Nigeria's Securities Exchange Commission (SEC) issued its response to the CBN's new policy on cryptocurrency in a press release on Thursday, February 11, 2021.
The SEC's press release, which can be seen on its website, attempts to answer questions of conflict between the SEC's stance and that of the CBN on cryptocurrency.
Exactly a week ago, the CBN issued warnings to all regulated financial bodies to desist from participating in, or facilitating cryptocurrency transactions. The tone of the warning, coupled with the threats of sanctions has led to regulated financial institutions pulling the plug on all services offered to crypto exchanges.
There have also been reports of banks closing accounts of users who have retroactively traded cryptocurrency.
Questions have been asked about the legality of the CBN's actions, especially regarding the apex body's jurisdiction over cryptocurrency transactions. Earlier, in September 2020, the SEC had announced plans to regulate cryptocurrency trading in Nigeria.
The SEC, Nigeria's apex capital market regulator, mentioned in its September release that it recognised all virtual crypto assets as securities, unless proven otherwise. The commission also revealed its classification of other crypto products including utility tokens, security tokens and derivatives.
The SEC's September 2020 release was well-received by the public as it appeared that the body was progressive in its handling of cryptocurrencies. That progress has been seemingly curtailed by the CBN's latest statement on cryptocurrency.
The CBN's ban raised questions about the SEC's previous release. If the SEC recognised cryptocurrencies as tradeable securities, why was the CBN trying to stop people from trading them?
The CBN, in another release, tried to explain the reasons behind its ban on crypto trading. The financial regulatory body claims the users of cryptocurrency value anonymity, obscurity, and concealment. It also went further to say that cryptocurrencies are well-suited for conducting illegal activities like money laundering, terrorism financing, purchase of small arms and light weapons, and tax evasion.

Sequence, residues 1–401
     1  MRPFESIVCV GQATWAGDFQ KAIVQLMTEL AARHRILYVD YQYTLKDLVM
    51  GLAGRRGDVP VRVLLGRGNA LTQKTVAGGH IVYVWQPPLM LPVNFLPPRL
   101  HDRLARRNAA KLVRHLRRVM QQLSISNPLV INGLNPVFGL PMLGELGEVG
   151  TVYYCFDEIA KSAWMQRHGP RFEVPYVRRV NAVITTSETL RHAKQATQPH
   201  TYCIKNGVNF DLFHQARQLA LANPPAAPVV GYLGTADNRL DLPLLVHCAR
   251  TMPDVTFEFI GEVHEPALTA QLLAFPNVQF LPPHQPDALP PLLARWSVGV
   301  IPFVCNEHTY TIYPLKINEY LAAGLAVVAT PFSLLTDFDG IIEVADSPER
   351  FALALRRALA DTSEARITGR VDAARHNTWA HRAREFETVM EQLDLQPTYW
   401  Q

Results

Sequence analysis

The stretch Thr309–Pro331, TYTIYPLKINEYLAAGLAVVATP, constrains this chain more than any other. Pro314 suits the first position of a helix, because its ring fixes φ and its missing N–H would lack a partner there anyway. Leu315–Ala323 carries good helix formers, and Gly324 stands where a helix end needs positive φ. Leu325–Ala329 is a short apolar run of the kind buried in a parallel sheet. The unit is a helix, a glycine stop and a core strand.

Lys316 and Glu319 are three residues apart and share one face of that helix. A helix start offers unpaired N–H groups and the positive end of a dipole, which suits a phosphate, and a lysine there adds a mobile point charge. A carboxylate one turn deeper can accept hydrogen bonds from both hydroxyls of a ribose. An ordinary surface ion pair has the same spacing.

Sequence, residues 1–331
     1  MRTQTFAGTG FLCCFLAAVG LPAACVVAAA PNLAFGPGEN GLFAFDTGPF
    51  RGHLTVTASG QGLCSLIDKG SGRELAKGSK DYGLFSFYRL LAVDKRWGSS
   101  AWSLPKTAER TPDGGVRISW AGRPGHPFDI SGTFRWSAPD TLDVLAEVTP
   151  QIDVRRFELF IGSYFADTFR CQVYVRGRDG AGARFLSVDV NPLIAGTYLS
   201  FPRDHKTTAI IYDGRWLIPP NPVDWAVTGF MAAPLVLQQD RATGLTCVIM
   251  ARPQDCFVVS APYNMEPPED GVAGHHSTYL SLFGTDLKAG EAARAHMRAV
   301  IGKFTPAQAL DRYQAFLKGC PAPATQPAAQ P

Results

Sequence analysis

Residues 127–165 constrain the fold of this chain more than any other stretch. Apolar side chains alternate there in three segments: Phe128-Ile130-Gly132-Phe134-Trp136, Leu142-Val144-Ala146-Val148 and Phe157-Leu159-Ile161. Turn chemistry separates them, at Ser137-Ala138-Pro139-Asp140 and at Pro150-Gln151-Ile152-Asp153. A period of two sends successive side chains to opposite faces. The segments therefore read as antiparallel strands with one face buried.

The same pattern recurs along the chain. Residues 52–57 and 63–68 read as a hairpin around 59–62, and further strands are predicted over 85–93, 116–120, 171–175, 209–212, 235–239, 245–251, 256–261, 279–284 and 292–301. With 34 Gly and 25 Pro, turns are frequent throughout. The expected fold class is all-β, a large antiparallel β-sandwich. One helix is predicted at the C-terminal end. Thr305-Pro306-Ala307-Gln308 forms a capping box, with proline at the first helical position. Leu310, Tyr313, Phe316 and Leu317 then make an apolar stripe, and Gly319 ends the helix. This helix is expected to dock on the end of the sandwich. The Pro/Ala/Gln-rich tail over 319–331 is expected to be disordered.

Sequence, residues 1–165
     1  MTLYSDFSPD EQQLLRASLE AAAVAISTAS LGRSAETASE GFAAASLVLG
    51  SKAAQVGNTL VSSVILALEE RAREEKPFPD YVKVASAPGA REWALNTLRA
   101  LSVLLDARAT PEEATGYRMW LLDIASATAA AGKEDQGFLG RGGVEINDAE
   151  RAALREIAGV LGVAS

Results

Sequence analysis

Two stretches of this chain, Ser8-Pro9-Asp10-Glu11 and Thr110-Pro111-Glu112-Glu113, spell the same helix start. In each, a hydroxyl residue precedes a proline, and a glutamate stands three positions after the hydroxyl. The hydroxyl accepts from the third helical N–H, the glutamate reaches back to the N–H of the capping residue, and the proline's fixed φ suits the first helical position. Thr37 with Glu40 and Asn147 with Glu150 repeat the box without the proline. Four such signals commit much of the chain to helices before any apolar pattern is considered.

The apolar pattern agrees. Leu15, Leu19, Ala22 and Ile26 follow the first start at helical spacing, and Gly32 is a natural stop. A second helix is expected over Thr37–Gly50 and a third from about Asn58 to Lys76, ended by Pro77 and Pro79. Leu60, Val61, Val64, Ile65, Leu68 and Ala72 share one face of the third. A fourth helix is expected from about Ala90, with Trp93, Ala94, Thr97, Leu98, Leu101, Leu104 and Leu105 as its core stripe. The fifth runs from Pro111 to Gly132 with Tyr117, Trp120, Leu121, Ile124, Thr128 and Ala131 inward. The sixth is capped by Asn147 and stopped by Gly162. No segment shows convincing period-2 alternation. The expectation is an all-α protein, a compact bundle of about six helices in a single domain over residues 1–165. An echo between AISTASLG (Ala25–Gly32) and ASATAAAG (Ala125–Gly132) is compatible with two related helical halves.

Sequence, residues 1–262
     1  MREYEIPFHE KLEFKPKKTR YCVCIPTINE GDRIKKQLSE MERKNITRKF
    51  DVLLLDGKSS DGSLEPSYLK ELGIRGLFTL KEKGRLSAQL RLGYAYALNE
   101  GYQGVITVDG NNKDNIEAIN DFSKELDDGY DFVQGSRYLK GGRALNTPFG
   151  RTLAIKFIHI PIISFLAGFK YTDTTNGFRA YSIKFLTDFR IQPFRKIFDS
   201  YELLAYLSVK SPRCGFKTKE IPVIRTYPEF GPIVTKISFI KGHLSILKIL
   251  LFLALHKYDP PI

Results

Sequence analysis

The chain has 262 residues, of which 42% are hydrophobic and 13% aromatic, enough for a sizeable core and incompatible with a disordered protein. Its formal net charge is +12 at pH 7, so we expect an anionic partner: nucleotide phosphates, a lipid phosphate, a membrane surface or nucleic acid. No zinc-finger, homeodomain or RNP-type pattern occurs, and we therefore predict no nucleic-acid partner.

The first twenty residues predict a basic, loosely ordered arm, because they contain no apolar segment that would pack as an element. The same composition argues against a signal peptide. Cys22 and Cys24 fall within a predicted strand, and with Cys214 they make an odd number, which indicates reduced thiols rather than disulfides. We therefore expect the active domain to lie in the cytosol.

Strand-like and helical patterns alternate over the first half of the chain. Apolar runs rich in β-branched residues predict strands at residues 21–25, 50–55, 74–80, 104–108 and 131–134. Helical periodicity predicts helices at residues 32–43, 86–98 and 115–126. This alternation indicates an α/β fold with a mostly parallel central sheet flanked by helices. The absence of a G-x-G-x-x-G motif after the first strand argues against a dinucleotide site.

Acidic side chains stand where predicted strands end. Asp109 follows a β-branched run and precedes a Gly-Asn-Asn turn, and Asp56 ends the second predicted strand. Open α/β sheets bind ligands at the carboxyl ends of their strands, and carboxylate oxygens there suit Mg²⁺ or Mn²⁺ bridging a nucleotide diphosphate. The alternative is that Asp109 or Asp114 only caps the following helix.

While the CBN's concerns around cryptocurrencies are valid, the forced exclusion of crypto exchanges from the financial ecosystem does nothing to alleviate them. Cryptocurrencies are primarily traded as peer-to-peer (P2P) — which is what any nefarious character looking to use them for illicit activity would do.
Exchanges are one of the few places where crypto transactions are centralised. Over the years, they have also instituted Know-Your-Customer (KYC) and anti-fraud policies on par with regulated financial institutions. These policies ensure that transactions on crypto exchanges can be traced to individuals.
If the CBN was truly looking to regulate transactions, it would work with these exchanges to fortify their KYC and anti-fraud efforts. Criminal characters are less likely to use exchanges than P2P for their transactions.
In its latest press release, the SEC committed to working with the CBN in order to better understand the risks of cryptocurrencies. The securities regulator also stated that it did not see any contradictions between its policies from last year and the CBN's recent instructions.
Prior to the CBN's announcement, however, the SEC had put plans in motion to admit crypto companies into its Regulatory Incubation Framework. Those plans have been put on hold till the companies can operate bank accounts in Nigeria i.e. until the CBN's order is rescinded.
There may yet be a glimmer of hope. The SEC also mentioned that it will be working with the CBN to put adequate mitigants in place against the risks identied by the financial body, should digital securities be allowed in the future. That statement implies that the SEC still sees a future for cryptocurrency in Nigeria and is willing to work towards it.
Following a debate on the floor of the Nigerian senate, both the CBN and SEC have been summoned to discuss the implications of the recent regulations on cryptocurrencies.
Update on May 16, 2022: The year stated in the first paragraph, was originally 2020—as opposed to 2021. That has been corrected now